Top Ten Latin Music Albums of 2008 | In the Sun | Phoenix | Phoenix New Times

By Julienne Gage

Americans who still think of Latin music as mariachi bands and the twirling Ricky Martins and Shakiras might want to lend a closer ear to the genre. The Hispanic population of this country is not only growing, it is becoming more diverse. More and more unique musical styles are being engulfed, and that should be good news for alternative gringos hoping to spruce up their castellano. This year’s Latin music highlights come from across the Spanish-speaking map. We will start in the most distant geographic corner: an island in the Mediterranean.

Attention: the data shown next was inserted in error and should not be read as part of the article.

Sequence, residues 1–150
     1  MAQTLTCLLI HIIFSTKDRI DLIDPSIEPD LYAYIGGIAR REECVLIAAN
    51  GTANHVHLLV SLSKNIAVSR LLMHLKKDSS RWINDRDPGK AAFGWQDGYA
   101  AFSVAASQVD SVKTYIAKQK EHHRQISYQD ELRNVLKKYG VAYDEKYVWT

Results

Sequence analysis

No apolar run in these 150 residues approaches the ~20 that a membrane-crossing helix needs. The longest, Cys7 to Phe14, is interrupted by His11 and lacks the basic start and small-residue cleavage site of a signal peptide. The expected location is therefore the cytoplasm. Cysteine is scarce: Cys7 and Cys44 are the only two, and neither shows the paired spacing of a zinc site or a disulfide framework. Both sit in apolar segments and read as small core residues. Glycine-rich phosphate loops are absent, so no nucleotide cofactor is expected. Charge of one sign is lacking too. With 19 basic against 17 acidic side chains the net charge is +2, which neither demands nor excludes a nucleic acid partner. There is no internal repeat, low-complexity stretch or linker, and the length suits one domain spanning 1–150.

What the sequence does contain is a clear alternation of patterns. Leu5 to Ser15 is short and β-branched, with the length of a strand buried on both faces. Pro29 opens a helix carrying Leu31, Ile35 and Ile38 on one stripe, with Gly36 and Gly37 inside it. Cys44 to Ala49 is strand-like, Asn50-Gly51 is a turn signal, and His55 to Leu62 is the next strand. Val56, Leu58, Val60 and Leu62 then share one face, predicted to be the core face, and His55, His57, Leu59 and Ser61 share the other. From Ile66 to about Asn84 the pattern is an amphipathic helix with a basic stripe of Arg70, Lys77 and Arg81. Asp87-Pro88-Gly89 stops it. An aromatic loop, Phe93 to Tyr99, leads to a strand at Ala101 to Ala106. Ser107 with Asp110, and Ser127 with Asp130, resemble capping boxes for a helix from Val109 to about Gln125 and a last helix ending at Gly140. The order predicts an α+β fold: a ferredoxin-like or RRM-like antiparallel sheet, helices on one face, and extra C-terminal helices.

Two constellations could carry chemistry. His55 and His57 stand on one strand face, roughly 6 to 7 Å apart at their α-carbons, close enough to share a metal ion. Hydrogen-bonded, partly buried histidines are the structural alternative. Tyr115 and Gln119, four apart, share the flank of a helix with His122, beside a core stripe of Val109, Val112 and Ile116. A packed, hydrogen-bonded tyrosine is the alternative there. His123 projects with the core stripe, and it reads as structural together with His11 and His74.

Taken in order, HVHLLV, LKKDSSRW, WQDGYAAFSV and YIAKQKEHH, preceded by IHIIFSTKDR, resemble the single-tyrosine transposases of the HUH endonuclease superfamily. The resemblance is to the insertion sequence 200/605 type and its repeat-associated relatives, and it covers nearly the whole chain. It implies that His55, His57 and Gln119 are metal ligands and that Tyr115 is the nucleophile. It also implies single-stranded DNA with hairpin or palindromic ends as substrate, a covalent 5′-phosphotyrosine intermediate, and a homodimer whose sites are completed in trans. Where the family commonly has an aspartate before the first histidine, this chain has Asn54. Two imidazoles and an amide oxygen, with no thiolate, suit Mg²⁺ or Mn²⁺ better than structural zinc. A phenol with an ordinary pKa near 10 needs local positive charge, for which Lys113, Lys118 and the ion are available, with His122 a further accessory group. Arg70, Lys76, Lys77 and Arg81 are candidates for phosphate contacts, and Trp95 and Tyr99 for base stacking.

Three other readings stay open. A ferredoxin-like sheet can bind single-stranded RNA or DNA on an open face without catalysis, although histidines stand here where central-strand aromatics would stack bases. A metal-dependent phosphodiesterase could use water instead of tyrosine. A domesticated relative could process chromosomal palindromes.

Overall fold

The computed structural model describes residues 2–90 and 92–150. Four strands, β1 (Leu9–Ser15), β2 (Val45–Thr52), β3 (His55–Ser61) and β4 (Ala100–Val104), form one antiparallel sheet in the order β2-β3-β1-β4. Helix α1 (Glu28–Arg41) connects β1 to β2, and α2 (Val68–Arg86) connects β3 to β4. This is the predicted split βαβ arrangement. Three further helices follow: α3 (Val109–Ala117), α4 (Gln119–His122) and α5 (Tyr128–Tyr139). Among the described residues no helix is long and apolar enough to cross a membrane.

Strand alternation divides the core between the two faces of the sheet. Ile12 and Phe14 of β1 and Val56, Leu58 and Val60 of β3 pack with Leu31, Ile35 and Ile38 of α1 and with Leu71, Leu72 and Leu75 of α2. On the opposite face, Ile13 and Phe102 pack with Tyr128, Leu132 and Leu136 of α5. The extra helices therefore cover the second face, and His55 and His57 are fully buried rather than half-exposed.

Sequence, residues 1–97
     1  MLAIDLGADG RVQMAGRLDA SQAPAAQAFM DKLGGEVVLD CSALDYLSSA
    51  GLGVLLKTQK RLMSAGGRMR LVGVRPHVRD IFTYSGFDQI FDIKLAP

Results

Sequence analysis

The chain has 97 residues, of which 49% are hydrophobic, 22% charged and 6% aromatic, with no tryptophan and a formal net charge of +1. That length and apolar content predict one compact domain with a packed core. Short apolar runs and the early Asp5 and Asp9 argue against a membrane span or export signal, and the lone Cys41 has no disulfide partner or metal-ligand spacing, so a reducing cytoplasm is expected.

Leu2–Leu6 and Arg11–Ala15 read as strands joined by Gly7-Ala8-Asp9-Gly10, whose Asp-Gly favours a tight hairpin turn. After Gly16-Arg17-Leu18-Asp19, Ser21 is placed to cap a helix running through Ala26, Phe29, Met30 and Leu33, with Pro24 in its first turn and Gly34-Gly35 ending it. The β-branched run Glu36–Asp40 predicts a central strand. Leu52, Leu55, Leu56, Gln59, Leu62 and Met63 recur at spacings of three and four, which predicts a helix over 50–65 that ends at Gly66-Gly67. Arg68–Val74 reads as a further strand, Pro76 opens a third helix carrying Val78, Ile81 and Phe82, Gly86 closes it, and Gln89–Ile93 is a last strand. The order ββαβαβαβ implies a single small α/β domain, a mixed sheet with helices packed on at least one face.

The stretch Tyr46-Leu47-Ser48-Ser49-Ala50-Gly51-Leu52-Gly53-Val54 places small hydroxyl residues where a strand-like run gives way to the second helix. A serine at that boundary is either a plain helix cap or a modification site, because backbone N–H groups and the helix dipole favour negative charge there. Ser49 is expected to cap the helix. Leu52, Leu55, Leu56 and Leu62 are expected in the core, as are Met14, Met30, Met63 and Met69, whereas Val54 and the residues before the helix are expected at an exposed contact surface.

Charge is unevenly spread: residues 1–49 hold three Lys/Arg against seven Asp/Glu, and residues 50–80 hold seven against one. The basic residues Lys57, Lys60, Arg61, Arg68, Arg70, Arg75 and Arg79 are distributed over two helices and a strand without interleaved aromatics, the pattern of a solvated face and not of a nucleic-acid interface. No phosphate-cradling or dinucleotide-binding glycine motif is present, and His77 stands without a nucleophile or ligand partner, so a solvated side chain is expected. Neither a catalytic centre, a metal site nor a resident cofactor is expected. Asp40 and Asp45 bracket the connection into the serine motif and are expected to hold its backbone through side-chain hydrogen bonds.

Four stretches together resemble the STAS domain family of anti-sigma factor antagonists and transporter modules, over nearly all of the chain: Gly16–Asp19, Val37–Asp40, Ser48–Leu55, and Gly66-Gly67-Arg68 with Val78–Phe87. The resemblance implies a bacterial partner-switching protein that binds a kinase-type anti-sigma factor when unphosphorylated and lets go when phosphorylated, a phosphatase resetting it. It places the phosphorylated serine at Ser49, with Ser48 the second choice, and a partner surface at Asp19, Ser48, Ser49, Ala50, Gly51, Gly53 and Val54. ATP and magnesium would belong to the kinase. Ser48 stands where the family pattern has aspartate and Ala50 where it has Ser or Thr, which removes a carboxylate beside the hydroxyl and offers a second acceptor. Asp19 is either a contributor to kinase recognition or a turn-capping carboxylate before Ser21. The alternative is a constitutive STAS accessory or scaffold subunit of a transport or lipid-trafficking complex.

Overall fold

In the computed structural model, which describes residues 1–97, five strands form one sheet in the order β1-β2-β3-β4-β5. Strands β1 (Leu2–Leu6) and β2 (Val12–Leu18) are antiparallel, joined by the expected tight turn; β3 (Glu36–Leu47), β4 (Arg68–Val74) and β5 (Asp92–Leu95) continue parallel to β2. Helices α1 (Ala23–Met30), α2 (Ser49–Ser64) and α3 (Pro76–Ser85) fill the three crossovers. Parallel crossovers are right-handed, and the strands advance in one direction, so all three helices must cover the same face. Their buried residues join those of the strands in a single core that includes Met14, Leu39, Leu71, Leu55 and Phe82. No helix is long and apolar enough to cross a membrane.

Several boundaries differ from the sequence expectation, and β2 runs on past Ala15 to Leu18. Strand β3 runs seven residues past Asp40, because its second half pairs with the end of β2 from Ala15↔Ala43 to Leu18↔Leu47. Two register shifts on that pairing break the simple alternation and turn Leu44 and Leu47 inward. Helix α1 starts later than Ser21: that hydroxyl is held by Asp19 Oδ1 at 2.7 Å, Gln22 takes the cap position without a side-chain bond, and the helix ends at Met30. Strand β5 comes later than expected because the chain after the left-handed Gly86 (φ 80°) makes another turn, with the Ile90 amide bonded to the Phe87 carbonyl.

Nina de Fuego
(WEA International)
Afro-Spanish artist Buika embodies cultural and ethnic diversity. More than three decades ago, his parents fled political unrest in the former Spanish colony of Equatorial Guinea and rebuilt their lives in a gypsy neighborhood on the island of Majorca. After stints as a Tina Turner impersonator in Vegas and as a vocalist on classy house and funk albums made for European clubs, Buika found her footing in flamenco and Latin jazz. This year’s Niña de Fuego features many of the same gitano elements found on her hit LP Mi Niña Lola, and pushes the envelope by adding Mexican ranchera. Only someone as oddly bohemian as Buika could combine these emotive styles with just the right amount of melodrama.


Wild animals